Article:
Attorney General Files Suit to Halt Illegal EPA Power Plan
Texas Attorney General Ken Paxton today announced that Texas and West Virginia are leading a 24-state coalition that filed a lawsuit challenging the Obama Administration’s Section 111(d) Rule, an unlawful plan to radically restructure the way electricity is produced and consumed throughout the country. The Rule, as promulgated by the Environmental Protection Agency (EPA), would result in dramatically higher electricity bills and significantly less reliable service for families, businesses, hospitals and schools across America.
“Once again, President Obama and his EPA have overstepped their legal authority and enacted a regulation that will dramatically raise Texans’ electric bills and threaten the reliability of the electric grid,” said Texas Attorney General Ken Paxton. “The Texas Attorney General’s Office is leading a nationwide coalition, along with West Virginia, to prevent massive increases in electric bills that would hurt hard-working families, the elderly and the poor.”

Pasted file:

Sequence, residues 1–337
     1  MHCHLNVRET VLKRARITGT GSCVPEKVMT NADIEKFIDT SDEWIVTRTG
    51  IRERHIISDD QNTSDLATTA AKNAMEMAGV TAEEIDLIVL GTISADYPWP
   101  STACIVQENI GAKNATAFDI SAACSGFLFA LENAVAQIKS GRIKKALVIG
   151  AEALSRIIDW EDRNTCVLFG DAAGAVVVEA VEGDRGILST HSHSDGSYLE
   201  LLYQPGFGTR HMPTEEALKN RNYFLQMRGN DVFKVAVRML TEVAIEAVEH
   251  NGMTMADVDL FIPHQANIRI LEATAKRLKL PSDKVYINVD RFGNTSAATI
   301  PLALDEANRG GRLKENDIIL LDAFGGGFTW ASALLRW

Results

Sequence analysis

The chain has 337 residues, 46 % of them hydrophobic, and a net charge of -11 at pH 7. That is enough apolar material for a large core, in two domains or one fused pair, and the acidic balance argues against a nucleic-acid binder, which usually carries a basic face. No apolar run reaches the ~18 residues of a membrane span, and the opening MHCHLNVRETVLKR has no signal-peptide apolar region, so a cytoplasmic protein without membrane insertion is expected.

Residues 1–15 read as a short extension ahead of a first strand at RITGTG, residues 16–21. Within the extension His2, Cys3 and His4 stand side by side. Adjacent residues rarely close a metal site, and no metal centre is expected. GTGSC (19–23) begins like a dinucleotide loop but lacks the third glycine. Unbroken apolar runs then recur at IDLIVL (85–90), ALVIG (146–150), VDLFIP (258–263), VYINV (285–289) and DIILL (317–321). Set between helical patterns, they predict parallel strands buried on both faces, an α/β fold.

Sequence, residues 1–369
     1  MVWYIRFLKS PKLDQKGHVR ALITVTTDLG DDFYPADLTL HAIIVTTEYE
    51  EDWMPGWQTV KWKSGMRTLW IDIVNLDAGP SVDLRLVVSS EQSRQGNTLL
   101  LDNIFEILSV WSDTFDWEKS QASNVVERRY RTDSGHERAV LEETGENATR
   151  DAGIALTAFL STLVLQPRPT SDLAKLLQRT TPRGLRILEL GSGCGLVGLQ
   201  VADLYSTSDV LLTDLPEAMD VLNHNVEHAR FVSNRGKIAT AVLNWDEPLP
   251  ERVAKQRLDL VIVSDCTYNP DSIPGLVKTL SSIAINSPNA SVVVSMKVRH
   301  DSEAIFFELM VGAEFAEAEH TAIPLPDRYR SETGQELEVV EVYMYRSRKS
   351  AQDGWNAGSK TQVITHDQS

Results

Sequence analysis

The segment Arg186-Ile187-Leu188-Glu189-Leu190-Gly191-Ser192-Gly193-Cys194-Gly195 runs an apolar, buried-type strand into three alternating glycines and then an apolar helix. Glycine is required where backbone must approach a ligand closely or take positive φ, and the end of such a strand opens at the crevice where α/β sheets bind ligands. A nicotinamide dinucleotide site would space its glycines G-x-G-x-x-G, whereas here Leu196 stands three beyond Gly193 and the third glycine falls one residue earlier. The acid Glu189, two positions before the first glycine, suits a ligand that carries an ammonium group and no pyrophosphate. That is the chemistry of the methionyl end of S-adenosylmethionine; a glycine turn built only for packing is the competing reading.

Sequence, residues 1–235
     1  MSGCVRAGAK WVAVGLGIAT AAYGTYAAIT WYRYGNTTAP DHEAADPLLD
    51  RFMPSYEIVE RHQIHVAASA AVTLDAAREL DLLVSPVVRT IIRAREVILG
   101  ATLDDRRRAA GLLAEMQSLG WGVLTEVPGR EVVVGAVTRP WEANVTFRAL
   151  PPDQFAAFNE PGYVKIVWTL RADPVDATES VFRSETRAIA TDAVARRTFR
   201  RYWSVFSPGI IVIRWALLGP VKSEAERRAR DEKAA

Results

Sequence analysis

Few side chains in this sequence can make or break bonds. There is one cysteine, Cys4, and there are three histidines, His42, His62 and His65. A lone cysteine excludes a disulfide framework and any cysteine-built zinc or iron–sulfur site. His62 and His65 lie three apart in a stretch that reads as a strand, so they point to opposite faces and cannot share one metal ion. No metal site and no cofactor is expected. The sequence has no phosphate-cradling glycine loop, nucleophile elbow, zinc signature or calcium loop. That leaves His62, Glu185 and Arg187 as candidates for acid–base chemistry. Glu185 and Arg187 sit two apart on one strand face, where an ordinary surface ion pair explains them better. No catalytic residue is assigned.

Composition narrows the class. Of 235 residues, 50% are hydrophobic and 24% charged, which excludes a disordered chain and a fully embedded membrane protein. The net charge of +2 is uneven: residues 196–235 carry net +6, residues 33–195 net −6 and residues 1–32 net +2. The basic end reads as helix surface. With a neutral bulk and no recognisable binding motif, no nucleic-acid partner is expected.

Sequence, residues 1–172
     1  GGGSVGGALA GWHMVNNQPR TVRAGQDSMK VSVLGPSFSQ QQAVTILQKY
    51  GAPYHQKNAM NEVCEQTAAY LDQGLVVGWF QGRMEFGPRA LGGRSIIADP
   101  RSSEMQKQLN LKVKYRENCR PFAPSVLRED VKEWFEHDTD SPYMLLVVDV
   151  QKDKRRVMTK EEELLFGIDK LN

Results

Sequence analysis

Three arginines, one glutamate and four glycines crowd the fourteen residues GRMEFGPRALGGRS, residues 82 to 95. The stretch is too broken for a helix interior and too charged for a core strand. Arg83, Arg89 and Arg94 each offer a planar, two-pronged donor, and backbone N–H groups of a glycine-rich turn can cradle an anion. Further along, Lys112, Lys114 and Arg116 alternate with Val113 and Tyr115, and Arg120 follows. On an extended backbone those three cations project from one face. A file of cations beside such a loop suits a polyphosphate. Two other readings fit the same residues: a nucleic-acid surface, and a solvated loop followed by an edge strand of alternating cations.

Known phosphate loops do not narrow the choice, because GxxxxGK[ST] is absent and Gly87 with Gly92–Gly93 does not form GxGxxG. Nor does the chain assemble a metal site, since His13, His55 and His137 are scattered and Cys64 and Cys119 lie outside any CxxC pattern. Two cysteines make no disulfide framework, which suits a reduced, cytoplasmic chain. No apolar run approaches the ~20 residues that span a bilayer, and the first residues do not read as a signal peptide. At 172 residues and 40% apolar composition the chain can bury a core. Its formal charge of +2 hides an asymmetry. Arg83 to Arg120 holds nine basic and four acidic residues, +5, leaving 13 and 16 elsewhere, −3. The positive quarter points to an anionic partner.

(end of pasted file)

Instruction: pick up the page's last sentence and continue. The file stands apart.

EPA is seeking to reduce carbon emissions from electric-generating plants by 32 percent below 2005 levels by 2030. To achieve these reductions, EPA will require states to shut down coal plants prematurely and invest billions of dollars in new renewable generation.
On Oct. 16, the Electric Reliability Council of Texas (ERCOT) released a report that said EPA’s Rule would increase retail electric prices by up to 16 percent by 2030, not including costs for new transmission lines and other costs needed to comply with the Rule.
ERCOT’s report can be found at: http://www.ercot.com/news/press_releases/show/76880.
As explained in the documents the States filed with the U.S. Court of Appeals for the District of Columbia Circuit, EPA has no legal authority to promulgate or enforce the 111(d) Rule.
Other states participating include: Alabama, Arizona, Arkansas, Colorado, Florida, Georgia, Indiana, Kansas, Kentucky, Louisiana, Michigan, Missouri, Montana, Nebraska, New Jersey, North Carolina, Ohio, South Carolina, South Dakota, Utah, Wisconsin and Wyoming.
The filings will be made available at http://texasattorneygeneral.gov.